The evolution of antimicrobial resistance: a Darwinian perspective
by The Royal Institution on May 31, 2011
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Sir Richard Sykes presented this Friday Evening Discourse at the Royal Institution of Great Britain on Friday 6 May 2011. ...
Sir Richard Sykes presented this Friday Evening Discourse at the Royal Institution of Great Britain on Friday 6 May 2011.
Microbes have evolved over 3.5 billion years and are arguably the most adaptable organisms on earth. Restricted genetically by their inability to reproduce sexually, bacteria have acquired several additional mechanisms by which to exchange genetic material. Such mechanisms have allowed bacteria to inhabit some of the most inhospitable environments on earth. It is then hardly surprising that when faced with a barrage of inimical chemicals (antibiotics) they have responded with an equal and opposite force.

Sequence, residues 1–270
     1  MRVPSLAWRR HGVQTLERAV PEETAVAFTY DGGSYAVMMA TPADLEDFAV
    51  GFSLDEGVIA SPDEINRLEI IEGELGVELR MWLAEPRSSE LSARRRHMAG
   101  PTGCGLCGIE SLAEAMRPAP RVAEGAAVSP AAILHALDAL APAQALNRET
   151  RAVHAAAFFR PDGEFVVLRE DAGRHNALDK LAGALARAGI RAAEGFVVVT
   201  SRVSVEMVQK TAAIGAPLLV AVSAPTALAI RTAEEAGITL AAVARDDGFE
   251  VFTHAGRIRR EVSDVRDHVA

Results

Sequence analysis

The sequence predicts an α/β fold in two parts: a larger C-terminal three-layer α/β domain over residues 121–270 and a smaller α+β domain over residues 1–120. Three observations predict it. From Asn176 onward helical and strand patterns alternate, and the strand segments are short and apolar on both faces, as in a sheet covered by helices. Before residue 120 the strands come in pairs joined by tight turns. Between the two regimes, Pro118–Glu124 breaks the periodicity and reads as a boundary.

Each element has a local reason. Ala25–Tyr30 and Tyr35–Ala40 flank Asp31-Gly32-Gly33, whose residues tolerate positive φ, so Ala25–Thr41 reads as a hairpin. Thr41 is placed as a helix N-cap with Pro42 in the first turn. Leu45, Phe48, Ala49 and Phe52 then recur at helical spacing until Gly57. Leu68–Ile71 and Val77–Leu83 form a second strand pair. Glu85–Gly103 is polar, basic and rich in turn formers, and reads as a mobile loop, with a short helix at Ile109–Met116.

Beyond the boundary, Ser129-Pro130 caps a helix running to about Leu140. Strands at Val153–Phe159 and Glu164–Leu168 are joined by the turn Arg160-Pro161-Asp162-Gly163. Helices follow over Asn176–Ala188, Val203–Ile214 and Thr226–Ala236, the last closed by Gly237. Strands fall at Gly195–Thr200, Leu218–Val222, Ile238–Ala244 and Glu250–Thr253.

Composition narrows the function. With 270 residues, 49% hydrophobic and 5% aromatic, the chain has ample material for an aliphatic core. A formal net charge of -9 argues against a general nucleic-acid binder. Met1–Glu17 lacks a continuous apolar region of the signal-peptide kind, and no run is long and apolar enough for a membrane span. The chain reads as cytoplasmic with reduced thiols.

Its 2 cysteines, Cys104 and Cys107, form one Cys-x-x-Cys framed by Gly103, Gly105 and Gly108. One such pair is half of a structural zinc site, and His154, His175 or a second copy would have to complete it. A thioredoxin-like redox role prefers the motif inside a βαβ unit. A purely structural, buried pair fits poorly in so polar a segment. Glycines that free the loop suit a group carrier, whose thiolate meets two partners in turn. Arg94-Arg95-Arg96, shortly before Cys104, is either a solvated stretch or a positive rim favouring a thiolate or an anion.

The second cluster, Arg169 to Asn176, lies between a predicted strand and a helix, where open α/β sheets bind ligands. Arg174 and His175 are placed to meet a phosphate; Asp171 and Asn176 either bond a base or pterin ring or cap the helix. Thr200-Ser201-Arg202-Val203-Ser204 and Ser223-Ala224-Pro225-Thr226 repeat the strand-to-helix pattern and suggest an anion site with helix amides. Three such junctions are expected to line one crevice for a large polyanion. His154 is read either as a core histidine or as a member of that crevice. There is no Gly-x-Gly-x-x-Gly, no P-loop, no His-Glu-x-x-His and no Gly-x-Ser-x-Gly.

Sir Richard compared and contrasted the evolution of antimicrobial resistance to B-lactam antibiotics over the last 70 years in two bacterial species, namely Staphylococcus aureus, a highly evolved human pathogen, and Pseudomonas aeruginosa, an opportunistic nosocomial pathogen.
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